It's the right choice, baby!
Even as big cities including Mumbai and Banglore plan to go for
the metro rail, Union Minister for Urban Development, Jaipal Reddy,
has urged cities to consider alternative technologies, especially
the Bus Rapid Transit System (BRTS) to ease the growing traffic
congestion. Taking their cue from the minister, most people from
transport fraternity have agreed that transport is a state subject
and it should not waste public funds on MRTS. Therefore, it is
practical to adopt a cost-effective system like BRTS for public
BRTS stands for an efficient, economical, modern urban
bus transport arrangement that makes it possible to move a large
number of commuters reliably and swiftly by bus. The system need not
necessarily have a large fleet of buses. But it should have
dedicated bus lanes, platforms only as high as bus floors, smooth
bus movement, computer controlled traffic signals, use of smart
cards and a rapid ticketing systems.
The system generally uses
existing arterial roads, and it can reach all parts of the city. The
main difference between BRTS and MRTS is that the former is a
flexible system operating on roads, whereas the latter becomes a
fixed system that must be well below or above the surface, requiring
passengers to use steps, escalators and lifts.
Dr. Walter Hook,
Executive Director, the Institute for Transportation and Development
Policy, states, "Priority should be given to a high capacity bus
system, and urban planners should improve facilities for cyclists
and pedestrians. The concerned departments and authorities should
take measures to control the use of private vehicles. All these
efforts will lead to less congestion, less fuel consumption and
Speaking to Projectmonitor, renowned
transport expert and coordinator of Transportation Research and
Injury Prevention Programme, IIT Delhi, Dr. Dinesh Mohan, came out
in strong favour for BRTS. He mentioned that all transport systems
that require elevated or underground travel are extremely expensive.
However, whenever a BRTS is implemented, the whole road has to be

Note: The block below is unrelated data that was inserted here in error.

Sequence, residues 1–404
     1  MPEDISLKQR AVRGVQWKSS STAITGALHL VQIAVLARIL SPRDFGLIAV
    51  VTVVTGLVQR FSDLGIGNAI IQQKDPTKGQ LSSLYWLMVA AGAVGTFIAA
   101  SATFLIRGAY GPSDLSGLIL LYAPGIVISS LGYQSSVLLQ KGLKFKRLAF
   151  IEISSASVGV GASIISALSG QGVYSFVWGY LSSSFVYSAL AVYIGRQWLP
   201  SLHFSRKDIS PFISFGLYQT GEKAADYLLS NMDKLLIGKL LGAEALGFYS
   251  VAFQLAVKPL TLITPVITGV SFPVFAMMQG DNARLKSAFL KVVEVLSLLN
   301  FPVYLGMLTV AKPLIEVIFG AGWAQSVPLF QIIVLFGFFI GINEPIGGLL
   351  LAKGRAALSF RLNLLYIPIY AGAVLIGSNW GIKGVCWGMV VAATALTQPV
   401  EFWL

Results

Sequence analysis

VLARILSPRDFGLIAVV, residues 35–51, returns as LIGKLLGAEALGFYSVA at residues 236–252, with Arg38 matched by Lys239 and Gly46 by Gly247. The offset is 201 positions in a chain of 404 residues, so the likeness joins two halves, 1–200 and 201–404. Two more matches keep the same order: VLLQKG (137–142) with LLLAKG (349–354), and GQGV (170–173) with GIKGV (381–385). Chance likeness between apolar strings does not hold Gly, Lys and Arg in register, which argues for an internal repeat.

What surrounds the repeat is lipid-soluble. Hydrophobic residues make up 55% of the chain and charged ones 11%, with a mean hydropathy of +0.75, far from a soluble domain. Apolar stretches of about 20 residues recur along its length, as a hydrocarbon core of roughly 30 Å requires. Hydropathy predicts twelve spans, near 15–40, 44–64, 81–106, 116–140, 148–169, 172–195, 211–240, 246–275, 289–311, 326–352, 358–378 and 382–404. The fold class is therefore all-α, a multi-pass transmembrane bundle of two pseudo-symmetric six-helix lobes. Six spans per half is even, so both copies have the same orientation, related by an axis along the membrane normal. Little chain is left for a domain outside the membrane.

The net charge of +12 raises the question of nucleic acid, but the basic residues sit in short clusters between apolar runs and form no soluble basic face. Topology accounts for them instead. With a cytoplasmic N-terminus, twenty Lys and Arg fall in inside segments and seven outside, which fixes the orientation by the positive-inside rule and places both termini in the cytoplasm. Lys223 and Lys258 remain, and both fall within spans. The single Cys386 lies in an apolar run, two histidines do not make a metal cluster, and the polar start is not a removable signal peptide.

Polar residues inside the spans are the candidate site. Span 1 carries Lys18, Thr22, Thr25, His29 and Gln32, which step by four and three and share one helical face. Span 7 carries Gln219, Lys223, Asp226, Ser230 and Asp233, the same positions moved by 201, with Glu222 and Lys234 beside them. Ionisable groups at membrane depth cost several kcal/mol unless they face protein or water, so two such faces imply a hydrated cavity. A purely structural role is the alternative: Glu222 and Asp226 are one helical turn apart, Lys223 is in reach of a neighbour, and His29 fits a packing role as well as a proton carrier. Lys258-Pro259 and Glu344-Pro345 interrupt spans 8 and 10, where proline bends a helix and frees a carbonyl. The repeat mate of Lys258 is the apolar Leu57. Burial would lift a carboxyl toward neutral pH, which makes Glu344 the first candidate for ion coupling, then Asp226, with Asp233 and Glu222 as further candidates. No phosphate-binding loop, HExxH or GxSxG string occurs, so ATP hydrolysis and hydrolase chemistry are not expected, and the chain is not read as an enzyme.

rebuilt, giving the city a new look. Surprisingly, much of the BRTS
cost goes in improving roads for pedestrians, cyclists and motor
vehicles. He also pointed out that in the process of rebuilding
roads for including dedicated bus lanes, all street furniture also
On the other hand it seems that people like
Rajendra Mehta, Transportation and Planning Group, Mumbai, cannot
say which system is better -- BRTS or MRTS. He clarifies that it
depends upon urban development pattern, corridor travel demand,
affordability of commuters and traffic congestion. It is possible to
have both the systems on specific corridors.
BRTS is cheaper and
more flexible than MRTS. However, MRTS technology is a proven system
which has been implemented in metro cities in the West. But BRTS,
with exclusive right of way, priority at traffic signals, advanced
information display system and efficient planning of bus stops and
passenger safety; does have a potential in metro cities.
regards the Sky Bus project, it failed to impress the Central
authority on the safety issue. Ultimately the Rane government in Goa
scrapped the project. The lesson from this episode is that the same
fate should not fall on BRTS or MRTS projects.
Dr. Dinesh Mohan
amplified, "Technically, grade separated systems are designed to be
safe, but because they operate in tunnels or on elevated tracks,
they need a huge security force to prevent sabotage, which is an
additional cost for government." However, the construction of MRTS,
monorail or light rail does not reduce accidents on roads. For
instance, the Delhi experience shows that road accidents have not
decreased in the capital since the construction of the first phase
of the MRTS project.
On the safety issue Balkrishnan comments,
"With regards to safety, BRTS is a surface system, and in any
accident help is available for passengers without any difficulty.
MRTS may be partly underground, but the risks apply here also."
However, since BRTS requires a segregated bus way, the risk of
collision with other vehicles is minimal.
"The bus rapid transit
system is the only proven method for shifting passengers from
private cars to public transport. BRTS usually involves changing and
upgrading buses in the existing fleet to induce modern and cleaner
buses," remarked Dr. Hook.